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Lawskills.com Georgia Caselaw
WILLIAMS v. THE STATE.
46918.
PANNELL, Judge.
Voluntary manslaughter. Fulton Superior Court. Before Judge McKenzie.
The defendant was tried for the offense of murder and convicted of voluntary manslaughter. His motion for a new trial was overruled and he appealed to this court. Held:
1. Complaint is made that the trial judge, after charging the jury that the burden was upon the State to prove the defendant guilty of the crime charged beyond a reasonable doubt, defined the term "reasonable doubt" to the jury but failed to define the word "beyond" appearing in the phrase "beyond a reasonable doubt." We think that the jury, after hearing the charge given and the definition of the term "reasonable doubt," would have no difficulty determining the meaning of the word "beyond" and its relationship to the term so defined without a separate definition or instruction as to this particular word. Nor did the absence of such definition make the charge confusing to the jury.
2. Charges relating to murder, even if error, were harmless, as defendant was convicted of voluntary manslaughter. See Walker v. State, 226 Ga. 292 (8) (174 SE2d 440); Lott v. State, 123 Ga. App. 781 (2) (182 SE2d 546).
3. The trial court charged as follows: "Now, gentlemen, in charging you both with the law of murder and the law of manslaughter, the court makes no intimation whatsoever as to what your finding should be in regard to either. These are matters which are entirely up to the jury to determine. You base your findings on the facts as you find the facts to be, applying thereto the law given you in charge." This charge, when considered in connection with the charge as a whole, explaining the circumstances under which a verdict of not guilty should be returned, is not subject to the objection that it in effect charged the jury that only a verdict of murder or of manslaughter was permissible under the evidence.
4. A charge that "the law presumes that every action which is itself unlawful was criminally intended until the contrary is made to appear," while formerly meeting with some approval by the courts of this State (Lawrence v. State, 68 Ga. 289 (a); Whippler v. State, 218 Ga. 198, 207 (126 SE2d 744); Patterson v. State, 1 Ga. App. 782, 784 (58 SE 284); Marzetta v. Steinman, 117 Ga. App. 471 (5b) (160 SE2d 590)) is contrary to the express language of Section 26-605 of the Criminal Code, which reads as follows: "A person will not be presumed to act with criminal intention, but the trier of facts may find such intention upon consideration of the words, conduct, demeanor, motive, and all other circumstances connected with the act for which the accused is prosecuted." This charge, in the present case where the accused was charged with murder, constitutes reversible error.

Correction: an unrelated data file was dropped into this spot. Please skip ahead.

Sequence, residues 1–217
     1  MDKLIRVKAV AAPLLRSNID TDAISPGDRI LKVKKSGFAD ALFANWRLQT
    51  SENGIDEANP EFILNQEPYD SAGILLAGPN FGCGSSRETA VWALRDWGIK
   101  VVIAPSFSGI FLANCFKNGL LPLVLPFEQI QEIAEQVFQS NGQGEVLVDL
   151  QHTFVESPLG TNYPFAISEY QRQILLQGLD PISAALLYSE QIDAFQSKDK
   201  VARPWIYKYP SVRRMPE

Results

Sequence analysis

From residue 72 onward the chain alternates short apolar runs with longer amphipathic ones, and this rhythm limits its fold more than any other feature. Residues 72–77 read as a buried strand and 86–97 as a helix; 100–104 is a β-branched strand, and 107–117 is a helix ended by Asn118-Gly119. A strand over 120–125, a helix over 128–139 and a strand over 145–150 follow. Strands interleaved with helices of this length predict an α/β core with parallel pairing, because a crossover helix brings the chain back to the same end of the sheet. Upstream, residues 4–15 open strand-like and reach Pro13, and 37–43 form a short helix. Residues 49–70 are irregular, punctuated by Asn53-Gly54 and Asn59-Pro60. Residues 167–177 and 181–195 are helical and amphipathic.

5. The court charged: "I charge you that if you believe and believe beyond a reasonable doubt that at any time before this bill of indictment was returned by the grand jurors named, and filed in this court, that the defendant did, in the County of Fulton and State of Georgia, kill Mitchell Gary, the person named in the indictment, by shooting him with a pistol, but that he acted solely as a result of a sudden, violent and irresistible passion resulting from a serious provocation sufficient to excite such passion in a reasonable person and that there was no interval between the provocation and the killing sufficient for the voice of reason and humanity to be heard, and that this passion was established by evidence of an actual assault upon the defendant or that the person killed was attempting to commit a serious personal injury upon the defendant, or some equivalent circumstances, and to exclude malice aforethought, either express or implied, which is the result of a sudden heat of passion or irresistible passion, then in that event you would be authorized to find the defendant guilty of voluntary manslaughter." Complaint is made that the language emphasized by the court was a definition of justifiable homicide included within a charge on voluntary manslaughter and was confusing to the jury. Justifiable homicide is defined in part in Criminal Code 26-902 (a) as follows: "A person is justified in threatening or using force against another when and to the extent that he reasonably believes that such threat or force is necessary to defend himself or a third person against such other's imminent use of unlawful force; however, a person is justified in using force which is intended or likely to cause death or great bodily harm only if he reasonably believes that such force is necessary to prevent death or great bodily injury to himself or a third person, or the commission of a forcible felony." (Emphasis supplied.) We find no substantial difference between the phrases "serious personal injury" and "great bodily injury." In voluntary manslaughter, as was charged here, the killing is done solely because of passion or anger created in the defendant by an attempt on the part of the deceased to commit a serious injury upon the defendant; whereas, justifiable homicide occurs when the defendant kills because he reasonably believes such force is necessary to prevent great bodily injury. The charge complained of, therefore, did not confuse justifiable homicide with voluntary manslaughter for the reasons assigned.
6. The evidence was sufficient to authorize the verdict.
Lewis R. Slaton, District Attorney, Joel M. Feldman, Carter Goode, for appellee.
Stanley H. Nylen, for appellant.
ARGUED FEBRUARY 1, 1972 -- DECIDED JUNE 14, 1972.
Friday May 22 15:24 EDT


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